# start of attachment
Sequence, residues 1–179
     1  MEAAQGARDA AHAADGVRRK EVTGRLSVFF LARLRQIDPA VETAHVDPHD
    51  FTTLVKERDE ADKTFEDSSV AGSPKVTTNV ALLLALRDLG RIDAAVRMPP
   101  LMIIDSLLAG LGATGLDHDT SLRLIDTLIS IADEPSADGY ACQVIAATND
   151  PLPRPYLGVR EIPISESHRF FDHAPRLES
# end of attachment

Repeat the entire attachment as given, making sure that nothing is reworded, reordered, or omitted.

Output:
Sequence, residues 1–179
     1  MEAAQGARDA AHAADGVRRK EVTGRLSVFF LARLRQIDPA VETAHVDPHD
    51  FTTLVKERDE ADKTFEDSSV AGSPKVTTNV ALLLALRDLG RIDAAVRMPP
   101  LMIIDSLLAG LGATGLDHDT SLRLIDTLIS IADEPSADGY ACQVIAATND
   151  PLPRPYLGVR EIPISESHRF FDHAPRLES